The LMT400's were such a bad tire, they were ultimately discontinued. I had three blow outs with them. Continental subsequently released the HSR and HDR series, dropping the "General" co branding, to replace the previous disaster of a tire. Ford provided me with three HSRs due to the recall on the previous LMT400 with snap in valve stems. That hardly makes up for the cost and inconvenience of the three blow outs, but it did define what tires I use on the steer axle, until the tires date out.

I cannot seem to wear out the tread on tires, on any vehicle. My tires always date out first. Hence, tread life is never a factor in my selection, and more importantly to your concern about cost... I do not replace tires often enough to short change on the usage benefits of having the most optimally performing tire.

How is optimal performance defined? That is hard to measure or compare, as it will be different for everyone. For me, it boils down to confidence where the rubber meets the road, or the slick grass, or the squirrely gravel. I'll just say this... I've used 4WD often, but I've never locked the front hubs. So essentially, I'm only using the gear reduction capacity of the transfer case to save the transmission, as the 4 XDS2 tires on the drive axle have NEVER lost traction on any surface the truck has been driven on, towing or not towing.

My biggest concern was towing over the Sierra Nevada, as well as over the Grand Tetons out of Jackson Hole. The Donner Summit pass isn't has steep as the Teton, but it has a lot of bridges that can get slick from the cold attacking both sides of the road surface.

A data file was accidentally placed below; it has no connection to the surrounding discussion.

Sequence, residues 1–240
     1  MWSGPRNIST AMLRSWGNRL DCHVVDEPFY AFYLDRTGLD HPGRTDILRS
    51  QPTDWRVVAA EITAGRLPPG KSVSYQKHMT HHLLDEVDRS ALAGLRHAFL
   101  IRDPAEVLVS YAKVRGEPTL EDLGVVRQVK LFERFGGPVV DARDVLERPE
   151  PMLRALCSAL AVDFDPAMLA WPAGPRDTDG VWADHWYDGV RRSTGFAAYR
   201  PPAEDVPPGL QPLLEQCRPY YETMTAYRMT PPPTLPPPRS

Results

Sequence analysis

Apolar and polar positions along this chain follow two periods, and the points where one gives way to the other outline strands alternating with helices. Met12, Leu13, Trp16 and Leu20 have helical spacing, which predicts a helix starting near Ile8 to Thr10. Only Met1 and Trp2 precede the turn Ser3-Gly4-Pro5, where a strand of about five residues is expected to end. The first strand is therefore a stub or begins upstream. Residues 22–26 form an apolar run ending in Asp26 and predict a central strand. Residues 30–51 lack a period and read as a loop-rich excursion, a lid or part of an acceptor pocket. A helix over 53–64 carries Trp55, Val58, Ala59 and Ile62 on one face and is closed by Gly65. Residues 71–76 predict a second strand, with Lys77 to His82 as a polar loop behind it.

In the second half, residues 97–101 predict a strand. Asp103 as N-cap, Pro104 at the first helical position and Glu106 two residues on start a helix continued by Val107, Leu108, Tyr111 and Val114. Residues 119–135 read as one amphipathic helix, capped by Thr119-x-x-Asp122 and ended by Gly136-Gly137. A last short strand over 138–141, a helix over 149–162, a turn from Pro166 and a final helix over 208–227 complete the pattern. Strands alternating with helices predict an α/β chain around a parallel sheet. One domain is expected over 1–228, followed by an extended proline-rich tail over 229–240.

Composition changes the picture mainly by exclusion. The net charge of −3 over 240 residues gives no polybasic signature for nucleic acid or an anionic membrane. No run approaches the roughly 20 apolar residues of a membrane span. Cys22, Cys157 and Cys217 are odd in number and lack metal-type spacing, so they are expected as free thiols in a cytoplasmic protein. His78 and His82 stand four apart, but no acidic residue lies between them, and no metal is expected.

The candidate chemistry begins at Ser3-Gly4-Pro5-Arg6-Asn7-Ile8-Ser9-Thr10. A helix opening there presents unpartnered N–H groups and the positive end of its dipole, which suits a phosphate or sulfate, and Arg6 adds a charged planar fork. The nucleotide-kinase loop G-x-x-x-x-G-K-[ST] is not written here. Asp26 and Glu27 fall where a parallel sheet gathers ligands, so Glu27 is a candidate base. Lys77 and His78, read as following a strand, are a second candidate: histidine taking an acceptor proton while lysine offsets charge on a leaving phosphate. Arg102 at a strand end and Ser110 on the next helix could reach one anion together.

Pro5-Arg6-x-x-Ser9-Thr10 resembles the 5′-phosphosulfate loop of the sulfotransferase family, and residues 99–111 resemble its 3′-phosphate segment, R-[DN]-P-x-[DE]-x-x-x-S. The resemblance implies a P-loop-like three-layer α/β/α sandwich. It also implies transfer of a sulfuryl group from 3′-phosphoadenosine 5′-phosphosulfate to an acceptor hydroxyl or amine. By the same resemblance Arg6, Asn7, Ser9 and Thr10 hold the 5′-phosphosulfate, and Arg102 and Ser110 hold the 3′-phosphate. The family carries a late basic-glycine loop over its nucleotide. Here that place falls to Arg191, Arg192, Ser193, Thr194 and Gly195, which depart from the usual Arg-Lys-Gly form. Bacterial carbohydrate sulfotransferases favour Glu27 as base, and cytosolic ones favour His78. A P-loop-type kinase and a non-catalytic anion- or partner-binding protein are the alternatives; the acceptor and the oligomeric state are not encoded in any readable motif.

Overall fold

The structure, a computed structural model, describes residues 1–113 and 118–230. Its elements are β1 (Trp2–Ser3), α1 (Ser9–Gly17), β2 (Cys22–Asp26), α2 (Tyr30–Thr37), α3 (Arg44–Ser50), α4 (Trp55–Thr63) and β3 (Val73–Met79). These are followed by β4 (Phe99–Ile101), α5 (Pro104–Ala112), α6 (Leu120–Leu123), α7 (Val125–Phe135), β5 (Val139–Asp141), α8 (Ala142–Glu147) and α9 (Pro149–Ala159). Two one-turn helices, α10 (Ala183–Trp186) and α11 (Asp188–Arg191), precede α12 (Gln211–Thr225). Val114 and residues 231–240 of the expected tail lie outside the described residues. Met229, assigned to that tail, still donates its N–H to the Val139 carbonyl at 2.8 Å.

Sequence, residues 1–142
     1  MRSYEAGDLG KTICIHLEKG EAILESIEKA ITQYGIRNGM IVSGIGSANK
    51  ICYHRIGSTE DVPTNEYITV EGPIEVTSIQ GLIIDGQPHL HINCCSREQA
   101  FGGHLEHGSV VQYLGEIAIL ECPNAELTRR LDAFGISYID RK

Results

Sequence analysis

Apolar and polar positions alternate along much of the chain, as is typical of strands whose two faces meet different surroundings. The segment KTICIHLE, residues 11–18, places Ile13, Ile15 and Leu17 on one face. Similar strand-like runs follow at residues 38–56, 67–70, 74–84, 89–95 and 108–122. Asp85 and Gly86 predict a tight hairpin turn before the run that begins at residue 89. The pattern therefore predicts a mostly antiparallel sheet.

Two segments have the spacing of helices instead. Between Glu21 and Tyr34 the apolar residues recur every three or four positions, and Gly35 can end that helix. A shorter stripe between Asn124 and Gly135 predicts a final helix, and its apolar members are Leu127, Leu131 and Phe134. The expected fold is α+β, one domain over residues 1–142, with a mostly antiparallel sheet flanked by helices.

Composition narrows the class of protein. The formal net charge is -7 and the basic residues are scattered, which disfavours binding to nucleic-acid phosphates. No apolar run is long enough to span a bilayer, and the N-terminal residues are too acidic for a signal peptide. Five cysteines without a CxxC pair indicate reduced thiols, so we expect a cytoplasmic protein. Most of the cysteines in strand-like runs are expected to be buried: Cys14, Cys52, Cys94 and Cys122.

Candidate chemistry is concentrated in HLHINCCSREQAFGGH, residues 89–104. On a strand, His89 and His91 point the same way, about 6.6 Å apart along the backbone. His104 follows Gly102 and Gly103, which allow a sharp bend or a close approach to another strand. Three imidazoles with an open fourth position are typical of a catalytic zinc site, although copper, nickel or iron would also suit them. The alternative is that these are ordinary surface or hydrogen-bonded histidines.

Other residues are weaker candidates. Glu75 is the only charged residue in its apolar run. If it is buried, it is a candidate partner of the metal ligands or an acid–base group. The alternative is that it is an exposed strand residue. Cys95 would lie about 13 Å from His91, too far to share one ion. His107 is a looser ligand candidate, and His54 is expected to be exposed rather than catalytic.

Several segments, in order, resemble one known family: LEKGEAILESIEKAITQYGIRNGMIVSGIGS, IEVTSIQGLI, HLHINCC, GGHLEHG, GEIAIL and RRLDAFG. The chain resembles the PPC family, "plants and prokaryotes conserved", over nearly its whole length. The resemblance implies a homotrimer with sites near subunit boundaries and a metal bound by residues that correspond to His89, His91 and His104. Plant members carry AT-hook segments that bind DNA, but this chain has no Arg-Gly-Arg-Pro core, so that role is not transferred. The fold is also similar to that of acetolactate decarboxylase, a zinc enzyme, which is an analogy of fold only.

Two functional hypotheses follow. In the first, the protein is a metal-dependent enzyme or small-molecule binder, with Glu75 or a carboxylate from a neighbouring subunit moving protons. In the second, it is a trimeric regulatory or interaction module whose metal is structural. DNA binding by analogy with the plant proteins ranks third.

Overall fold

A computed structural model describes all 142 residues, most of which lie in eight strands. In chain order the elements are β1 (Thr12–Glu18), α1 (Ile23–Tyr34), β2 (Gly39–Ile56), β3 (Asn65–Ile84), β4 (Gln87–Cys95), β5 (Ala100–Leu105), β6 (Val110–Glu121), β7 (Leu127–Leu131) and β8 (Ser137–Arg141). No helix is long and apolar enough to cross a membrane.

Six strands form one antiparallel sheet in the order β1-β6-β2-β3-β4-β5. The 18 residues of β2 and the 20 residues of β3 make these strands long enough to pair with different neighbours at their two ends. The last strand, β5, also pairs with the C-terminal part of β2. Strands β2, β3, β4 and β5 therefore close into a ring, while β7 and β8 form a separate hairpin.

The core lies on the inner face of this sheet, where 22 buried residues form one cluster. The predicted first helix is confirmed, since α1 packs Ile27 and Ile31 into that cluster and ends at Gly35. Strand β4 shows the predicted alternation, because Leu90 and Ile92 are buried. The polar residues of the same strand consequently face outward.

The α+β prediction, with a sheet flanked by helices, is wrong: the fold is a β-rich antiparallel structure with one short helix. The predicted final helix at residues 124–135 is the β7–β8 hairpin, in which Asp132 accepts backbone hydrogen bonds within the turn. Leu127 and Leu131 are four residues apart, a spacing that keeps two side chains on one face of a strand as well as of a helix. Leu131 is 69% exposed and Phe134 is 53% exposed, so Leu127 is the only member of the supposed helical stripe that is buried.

Cheap Chinese manufactured tires now seem to be more the norm as each year passes, but six or seven years ago, I was too suspicious of the quality to take the risk. Not that country of origin should make a difference on a product manufactured more by machine... but the quality of the materials in the compounding, and how that compound conforms and rebounds to the surface driven over, or remains stable in UV and Ozone exposure, resists chipping and chunking away... typical tire longevity issues that have nothing to do with tread wear or miles driven... that is what made me default to the "we get what we pay for" philosophy, and I wanted good materials made by a company with a strong name brand and reputation to uphold.

So I found a way to justify it. I like not worrying about the tires anymore.
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Old 10-20-2017, 08:07 AM
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Dangit Y2KW57, you just added $1600 to my wish list if/when I upgrade to Vision 81 19.5" wheels.
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Old 10-20-2017, 09:32 AM
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So how old are the tires you are running?
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Old 10-20-2017, 03:00 PM
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I siped all 4 of my Toyo RTs last year. They had around 40k miles on them in this picture and you can see I just siped the inner tread blocks. I used a heated siping/grooving tool that I bought off of Amazon. It worked great. Took me about an hour for all 4 tires (not including removal and re-mounting the tires). It seemed to help out in the snow last winter.